The California stem cell agency has just finished pumping $5.3 million into the fight to save the lives of COVID-19 victims. And — in a ballot-box bonus — its efforts are already surfacing in the ballot campaign to rescue the agency from its own demise.
The agency is running out of money. It will begin closing its doors this fall without major financial support that it hopes will come from Proposition 14, a $5.5 billion bond measure on the November ballot.
The $5.3 million in the fast-track, Covid program is tiny by comparison. But the awards are likely to play a heftier role than might be anticipated based on their size. Stories about the Covid awards are have appeared on the campaign website in a move to tap into the deep public concern about the coronavirus.
“The coronavirus is creating an unprecedented threat to all of us…” — Jonathan Thomas
Three clinical trials have been funded, which involve actual patients as opposed to laboratory research. If the trials are successful, patients who have benefited are likely to surface in campaign video advertising aimed at refinancing the agency, formally known as the California Institute for Regenerative Medicine (CIRM).
The Covid research piggybacks on the federal “warp speed” drive to develop Covid treatments and is aimed at demonstrating that the agency is part of what CIRM officials describe as a worldwide, “all-hands-on-deck” effort.
CIRM sorely needs research results that will resonate with voters. The 2004 ballot campaign that created the $3 billion program raised expectations that stem cell therapies were right around the corner. But the agency has yet to produce a stem cell treatment that is widely available to the public.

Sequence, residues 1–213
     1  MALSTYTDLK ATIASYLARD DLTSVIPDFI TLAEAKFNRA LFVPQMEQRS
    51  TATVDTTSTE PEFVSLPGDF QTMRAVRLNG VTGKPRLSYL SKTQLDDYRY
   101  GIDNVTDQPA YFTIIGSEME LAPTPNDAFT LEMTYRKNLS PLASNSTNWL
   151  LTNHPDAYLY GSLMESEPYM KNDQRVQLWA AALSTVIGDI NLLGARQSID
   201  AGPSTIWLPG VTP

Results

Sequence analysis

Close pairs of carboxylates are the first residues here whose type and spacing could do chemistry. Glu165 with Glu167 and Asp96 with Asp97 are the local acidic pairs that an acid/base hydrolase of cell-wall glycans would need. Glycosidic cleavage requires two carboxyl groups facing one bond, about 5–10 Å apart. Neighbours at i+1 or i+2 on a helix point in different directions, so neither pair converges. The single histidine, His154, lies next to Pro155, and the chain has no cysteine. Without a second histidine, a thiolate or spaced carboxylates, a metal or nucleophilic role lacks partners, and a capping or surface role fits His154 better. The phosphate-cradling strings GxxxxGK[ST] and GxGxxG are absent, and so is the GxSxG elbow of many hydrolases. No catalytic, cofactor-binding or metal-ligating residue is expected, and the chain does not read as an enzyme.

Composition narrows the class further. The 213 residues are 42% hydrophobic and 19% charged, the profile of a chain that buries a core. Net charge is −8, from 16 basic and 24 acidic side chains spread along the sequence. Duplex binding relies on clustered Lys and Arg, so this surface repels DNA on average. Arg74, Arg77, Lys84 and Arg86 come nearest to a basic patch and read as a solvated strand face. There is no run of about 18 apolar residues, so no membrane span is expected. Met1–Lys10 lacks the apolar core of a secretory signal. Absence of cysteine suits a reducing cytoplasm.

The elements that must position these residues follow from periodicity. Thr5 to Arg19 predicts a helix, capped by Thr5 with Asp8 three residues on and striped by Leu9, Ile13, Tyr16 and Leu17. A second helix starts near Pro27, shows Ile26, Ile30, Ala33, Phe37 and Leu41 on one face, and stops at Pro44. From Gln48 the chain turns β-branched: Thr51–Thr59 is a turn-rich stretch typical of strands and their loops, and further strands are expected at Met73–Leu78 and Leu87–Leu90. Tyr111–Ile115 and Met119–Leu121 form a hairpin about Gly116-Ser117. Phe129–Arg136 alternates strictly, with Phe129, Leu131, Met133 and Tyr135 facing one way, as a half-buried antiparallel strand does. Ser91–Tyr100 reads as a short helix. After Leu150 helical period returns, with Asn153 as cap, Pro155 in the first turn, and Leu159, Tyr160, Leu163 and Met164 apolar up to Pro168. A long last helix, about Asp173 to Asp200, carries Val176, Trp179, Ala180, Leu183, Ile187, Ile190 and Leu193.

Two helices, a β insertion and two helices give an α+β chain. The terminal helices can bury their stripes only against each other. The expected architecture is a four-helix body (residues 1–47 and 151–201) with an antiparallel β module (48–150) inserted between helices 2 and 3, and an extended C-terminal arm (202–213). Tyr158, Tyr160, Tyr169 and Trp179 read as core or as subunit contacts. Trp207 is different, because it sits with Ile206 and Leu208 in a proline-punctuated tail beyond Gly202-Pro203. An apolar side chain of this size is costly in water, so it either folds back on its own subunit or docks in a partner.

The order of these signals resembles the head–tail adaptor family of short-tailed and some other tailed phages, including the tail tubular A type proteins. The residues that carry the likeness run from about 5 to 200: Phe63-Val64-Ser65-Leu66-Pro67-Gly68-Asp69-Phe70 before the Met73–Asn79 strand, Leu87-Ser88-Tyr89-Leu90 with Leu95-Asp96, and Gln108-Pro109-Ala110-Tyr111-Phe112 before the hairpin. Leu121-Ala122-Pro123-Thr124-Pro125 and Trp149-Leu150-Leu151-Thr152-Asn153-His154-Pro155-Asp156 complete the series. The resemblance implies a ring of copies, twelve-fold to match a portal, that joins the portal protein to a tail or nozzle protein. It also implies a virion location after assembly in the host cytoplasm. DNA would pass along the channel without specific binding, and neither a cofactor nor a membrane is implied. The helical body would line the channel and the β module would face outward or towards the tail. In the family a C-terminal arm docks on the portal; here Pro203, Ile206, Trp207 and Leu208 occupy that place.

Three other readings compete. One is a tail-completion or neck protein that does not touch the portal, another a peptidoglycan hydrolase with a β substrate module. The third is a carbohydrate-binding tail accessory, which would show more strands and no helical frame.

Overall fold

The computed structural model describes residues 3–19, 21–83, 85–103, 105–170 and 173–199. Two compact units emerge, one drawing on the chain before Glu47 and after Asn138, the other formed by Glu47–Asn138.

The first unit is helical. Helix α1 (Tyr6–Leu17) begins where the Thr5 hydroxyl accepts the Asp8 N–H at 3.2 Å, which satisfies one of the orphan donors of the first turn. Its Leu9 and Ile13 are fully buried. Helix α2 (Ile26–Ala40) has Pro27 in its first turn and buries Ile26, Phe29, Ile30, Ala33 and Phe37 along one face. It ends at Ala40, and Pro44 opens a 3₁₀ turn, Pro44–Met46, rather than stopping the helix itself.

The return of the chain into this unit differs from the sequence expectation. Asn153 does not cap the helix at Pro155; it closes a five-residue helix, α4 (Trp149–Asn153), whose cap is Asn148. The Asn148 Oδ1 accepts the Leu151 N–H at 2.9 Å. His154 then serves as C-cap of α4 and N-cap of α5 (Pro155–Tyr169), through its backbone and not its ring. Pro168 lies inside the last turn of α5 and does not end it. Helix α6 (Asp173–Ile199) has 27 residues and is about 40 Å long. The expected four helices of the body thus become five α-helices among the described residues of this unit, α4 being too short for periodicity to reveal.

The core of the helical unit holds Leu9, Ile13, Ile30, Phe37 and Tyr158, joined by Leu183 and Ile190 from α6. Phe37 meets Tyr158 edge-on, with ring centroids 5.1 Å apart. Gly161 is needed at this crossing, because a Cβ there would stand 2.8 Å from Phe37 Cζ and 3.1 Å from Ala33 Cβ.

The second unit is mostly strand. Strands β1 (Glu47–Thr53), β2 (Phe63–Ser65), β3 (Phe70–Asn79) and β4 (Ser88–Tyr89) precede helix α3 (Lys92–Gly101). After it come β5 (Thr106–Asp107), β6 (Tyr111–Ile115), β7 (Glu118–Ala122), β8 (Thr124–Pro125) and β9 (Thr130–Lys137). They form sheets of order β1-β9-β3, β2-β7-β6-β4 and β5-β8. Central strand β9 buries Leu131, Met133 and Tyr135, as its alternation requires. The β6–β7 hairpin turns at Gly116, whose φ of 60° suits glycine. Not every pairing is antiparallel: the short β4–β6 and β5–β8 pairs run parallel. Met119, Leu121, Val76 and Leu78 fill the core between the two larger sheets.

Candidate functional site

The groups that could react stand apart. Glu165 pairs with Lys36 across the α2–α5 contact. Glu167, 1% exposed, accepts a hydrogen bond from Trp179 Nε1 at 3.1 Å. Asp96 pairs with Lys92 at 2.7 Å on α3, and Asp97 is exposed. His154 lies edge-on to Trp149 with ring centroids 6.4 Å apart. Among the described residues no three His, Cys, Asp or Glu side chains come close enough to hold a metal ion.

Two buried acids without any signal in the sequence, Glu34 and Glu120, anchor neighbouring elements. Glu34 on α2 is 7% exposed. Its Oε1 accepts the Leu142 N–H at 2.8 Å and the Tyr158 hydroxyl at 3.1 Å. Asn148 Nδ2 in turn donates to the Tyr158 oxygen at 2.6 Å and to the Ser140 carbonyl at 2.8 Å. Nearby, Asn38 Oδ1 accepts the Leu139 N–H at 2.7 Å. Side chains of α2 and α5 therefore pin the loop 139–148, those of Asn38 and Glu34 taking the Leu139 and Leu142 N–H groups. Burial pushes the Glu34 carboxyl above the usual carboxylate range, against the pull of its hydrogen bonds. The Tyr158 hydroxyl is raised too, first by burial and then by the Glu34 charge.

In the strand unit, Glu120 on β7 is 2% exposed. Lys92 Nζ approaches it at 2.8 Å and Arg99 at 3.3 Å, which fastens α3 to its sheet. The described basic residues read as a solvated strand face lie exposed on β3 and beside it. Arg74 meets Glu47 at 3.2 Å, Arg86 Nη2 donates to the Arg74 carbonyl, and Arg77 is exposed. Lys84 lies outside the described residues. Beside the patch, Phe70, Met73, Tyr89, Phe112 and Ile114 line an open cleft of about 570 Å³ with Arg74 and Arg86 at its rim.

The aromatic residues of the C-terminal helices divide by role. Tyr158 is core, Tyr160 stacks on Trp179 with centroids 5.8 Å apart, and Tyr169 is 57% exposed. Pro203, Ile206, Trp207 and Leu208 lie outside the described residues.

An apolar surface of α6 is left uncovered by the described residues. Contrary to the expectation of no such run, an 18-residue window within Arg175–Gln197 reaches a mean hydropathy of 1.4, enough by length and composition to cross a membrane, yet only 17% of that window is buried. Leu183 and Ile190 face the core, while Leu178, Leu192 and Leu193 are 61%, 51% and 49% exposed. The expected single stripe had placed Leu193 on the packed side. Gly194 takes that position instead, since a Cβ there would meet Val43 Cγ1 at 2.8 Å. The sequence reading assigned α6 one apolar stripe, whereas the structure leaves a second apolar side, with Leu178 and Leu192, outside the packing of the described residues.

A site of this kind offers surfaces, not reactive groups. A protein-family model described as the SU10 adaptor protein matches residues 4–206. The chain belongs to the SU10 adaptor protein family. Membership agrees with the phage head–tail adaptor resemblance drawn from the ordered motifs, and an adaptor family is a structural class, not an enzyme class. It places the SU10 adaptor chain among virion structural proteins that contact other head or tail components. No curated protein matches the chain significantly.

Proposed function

The agency launched its Covid round on March 27 when CIRM board chairman Jonathan Thomas declared, “The coronavirus is creating an unprecedented threat to all of us, and, as one of the leading players in regenerative medicine, we are committed to doing all we can to develop the tools and promote the research that will help us respond to that threat.”
The trial awards range from $1 million to $701,000 each, a bargain price for joining a trial.
CIRM’s Covid research financing is a case where an urgent medical need marries nicely with ballot-box politics. The agency is forbidden by law to campaign for the ballot measure. But its charter also allows it to pursue a wide range of research possibilities.
Indeed, failure by CIRM to respond to the COVID-19 threat — it could be argued — would be a breach of CIRM’s public responsibilities.
Late last month, CIRM directors capped off the round by approving two awards and adding nearly $300,000 to the original authorization of $5 million. All of the awards have been made under an emergency process that requires awardees to be ready to begin research within 30 days and achieve “a clear deliverable within six months.”
The final awards went for basic level research. Earlier, CIRM approved funds to assist in the three clinical trials, which are the final stage before a treatment can be approved for widespread public use. The trial awards range from $1 million to $701,000 each, a bargain price for joining a trial. Most of CIRM’s previous clinical trial awards run into many millions.
CIRM now counts a total of 64 clinical trials that it is helping to finance. Two of the Covid trials are taking place at the University of California, San Francisco-UC Davis and the City of Hope in the Los Angeles area. The third involves a New Jersey firm called Celularity, Inc., which has failed to respond to multiple questions about the California location of its trial. The agency is limited to funding activities within the state. CIRM directors approved the Celularity award on June 26, more than 30 days ago.
You can find more information about all the awards in a series of items on CIRM’s blog, The Stem Cellar, using the search term “covid.” Five CIRM/Covid stories, including CIRM blog items about the Covid round, have been placed on the campaign website by the campaign staff.
Editor’s Note: David Jensen is a retired newsman who has followed the affairs of the $3 billion California stem cell agency since 2005 via his blog, the California Stem Cell Report, He has published more than 4,000 items on California stem cell matters in the past 11 years.